bees

Related Pages

  • Show Me Some Science! Polarization of the Sky
    Bees are capable of remarkable feats of orientation and navigation; they have a very strong sense of direction.
  • Electric Buzzaloo: How Bees See the Invisible
    Bees are amazing social insects, and their relationship with flowers is one of nature's coolest examples of "mutualism". It got me wondering: How do bees see the world? Enjoy this look at how bees see in ultraviolet and even sense electric fields!
  • How Bees See
    Dr Adrian Dyer is created this mechano-optical device, which emulates the 7,000 individual lenses of a bee's compound eye. Find out more in this video.
  • Monitoring Solitary Bees Using Open Technology
    “Bees in the Backyard” is a citizen science technology project to investigate the nesting behavior of Mason bees, created by Mike Teachman, amateur bee enthusiast and Paul Perrault senior field applications engineer.
  • Native bee discoveries abound in Taos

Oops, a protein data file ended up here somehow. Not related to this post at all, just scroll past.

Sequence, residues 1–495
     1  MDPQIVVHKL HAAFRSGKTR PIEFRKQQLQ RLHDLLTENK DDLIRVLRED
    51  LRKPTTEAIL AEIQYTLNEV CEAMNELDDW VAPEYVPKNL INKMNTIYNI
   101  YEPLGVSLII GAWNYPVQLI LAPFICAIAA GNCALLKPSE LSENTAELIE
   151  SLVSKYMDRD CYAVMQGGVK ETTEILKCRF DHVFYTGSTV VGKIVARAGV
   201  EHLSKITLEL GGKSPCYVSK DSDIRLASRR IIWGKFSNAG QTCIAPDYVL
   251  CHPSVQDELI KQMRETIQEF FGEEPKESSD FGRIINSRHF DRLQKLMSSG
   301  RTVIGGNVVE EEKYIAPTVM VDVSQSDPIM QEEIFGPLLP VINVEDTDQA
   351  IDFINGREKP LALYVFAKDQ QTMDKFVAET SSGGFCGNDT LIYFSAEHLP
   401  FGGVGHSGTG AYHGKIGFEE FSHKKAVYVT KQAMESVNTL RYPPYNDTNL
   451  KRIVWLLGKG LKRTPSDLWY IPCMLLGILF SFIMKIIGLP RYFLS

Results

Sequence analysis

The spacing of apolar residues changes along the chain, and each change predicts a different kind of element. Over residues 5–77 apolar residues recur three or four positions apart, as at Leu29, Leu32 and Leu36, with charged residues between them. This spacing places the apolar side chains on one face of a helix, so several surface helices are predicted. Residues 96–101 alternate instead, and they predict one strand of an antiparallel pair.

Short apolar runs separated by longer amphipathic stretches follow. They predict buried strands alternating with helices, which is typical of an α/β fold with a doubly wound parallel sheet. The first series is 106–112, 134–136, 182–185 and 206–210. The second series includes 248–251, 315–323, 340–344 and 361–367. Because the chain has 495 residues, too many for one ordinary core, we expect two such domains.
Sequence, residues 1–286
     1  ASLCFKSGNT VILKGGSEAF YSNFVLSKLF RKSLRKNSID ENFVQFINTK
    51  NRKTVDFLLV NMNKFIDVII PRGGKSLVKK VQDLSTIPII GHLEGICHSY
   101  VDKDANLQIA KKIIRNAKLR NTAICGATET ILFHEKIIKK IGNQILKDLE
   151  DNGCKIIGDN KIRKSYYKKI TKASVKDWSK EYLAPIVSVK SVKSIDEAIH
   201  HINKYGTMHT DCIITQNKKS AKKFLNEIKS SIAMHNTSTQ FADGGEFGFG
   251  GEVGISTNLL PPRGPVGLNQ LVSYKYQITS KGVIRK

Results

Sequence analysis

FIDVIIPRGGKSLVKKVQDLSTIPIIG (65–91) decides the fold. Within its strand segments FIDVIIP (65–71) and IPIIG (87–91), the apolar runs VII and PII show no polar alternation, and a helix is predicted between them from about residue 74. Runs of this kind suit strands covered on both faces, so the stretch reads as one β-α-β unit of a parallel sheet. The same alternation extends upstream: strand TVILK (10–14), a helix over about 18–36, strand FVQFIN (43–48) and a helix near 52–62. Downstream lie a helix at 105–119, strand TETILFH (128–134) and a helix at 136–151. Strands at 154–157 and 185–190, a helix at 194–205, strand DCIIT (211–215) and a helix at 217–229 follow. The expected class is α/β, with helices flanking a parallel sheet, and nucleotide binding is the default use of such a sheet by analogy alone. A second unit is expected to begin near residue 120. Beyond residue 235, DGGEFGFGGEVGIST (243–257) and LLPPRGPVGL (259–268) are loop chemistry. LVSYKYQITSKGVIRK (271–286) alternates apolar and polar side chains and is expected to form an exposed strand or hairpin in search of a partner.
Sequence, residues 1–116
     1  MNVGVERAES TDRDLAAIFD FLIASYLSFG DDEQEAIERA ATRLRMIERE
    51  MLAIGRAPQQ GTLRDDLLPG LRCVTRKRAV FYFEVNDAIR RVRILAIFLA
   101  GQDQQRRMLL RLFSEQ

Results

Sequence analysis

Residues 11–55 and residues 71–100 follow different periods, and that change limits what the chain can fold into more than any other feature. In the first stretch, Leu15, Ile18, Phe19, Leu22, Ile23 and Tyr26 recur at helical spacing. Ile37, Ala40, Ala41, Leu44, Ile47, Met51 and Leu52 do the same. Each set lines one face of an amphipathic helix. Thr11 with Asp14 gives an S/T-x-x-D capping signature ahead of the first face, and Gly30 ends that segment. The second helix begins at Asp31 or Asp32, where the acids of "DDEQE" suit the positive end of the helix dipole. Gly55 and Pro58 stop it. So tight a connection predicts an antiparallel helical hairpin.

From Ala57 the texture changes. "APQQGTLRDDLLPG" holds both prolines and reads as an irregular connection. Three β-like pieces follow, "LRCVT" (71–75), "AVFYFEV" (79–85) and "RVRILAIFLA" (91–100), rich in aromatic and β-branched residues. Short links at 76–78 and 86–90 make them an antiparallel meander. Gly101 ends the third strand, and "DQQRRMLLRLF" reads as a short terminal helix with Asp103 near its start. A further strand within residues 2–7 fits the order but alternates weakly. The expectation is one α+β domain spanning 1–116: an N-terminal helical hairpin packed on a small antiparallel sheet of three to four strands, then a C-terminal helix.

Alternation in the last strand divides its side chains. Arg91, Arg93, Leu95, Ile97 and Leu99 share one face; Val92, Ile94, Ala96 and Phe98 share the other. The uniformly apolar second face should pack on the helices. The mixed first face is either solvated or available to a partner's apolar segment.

Bee Scientist Olivia Messinger Carril is creating the first major survey of native bees in Northern New Mexico. Based in Santa Fe, Carril frequents the high-desert environments in Taos to collect and identify native bees.
  • Only some humans can see this type of light
    Join Physics girl on a tour of polarized light and learn how to do a simple project to see the invisible.
  • Polarization
    You may not be aware of it, but polarized light is all around you. Generally speaking, the human visual system is not particularly adept at perceiving polarized light. While some animals, bees in particular, are quite sensitive to polarized light, humans usually find it difficult to detect it with the unaided eye.  Find out more from this lesson on Polarization from Arbor Scientific.
  • What happens to bees during a solar eclipse?
    What happens to bees during a solar eclipse? Citizen scientists found out. See what they observed in this Australian Academy of Science video.
  • Why Nature Loves Hexagons
    From spirals to spots to fractals, nature is full of interesting patterns. Many of these patterns even resemble geometric shapes. One of the most common? Hexagons. Why do we see this six-sided shape occur so many times in nature? This week we explore why hexagons are so common in the natural world, from honeycomb to bubbles to rocks, and what their mathematics, physics, and biology may have in common.
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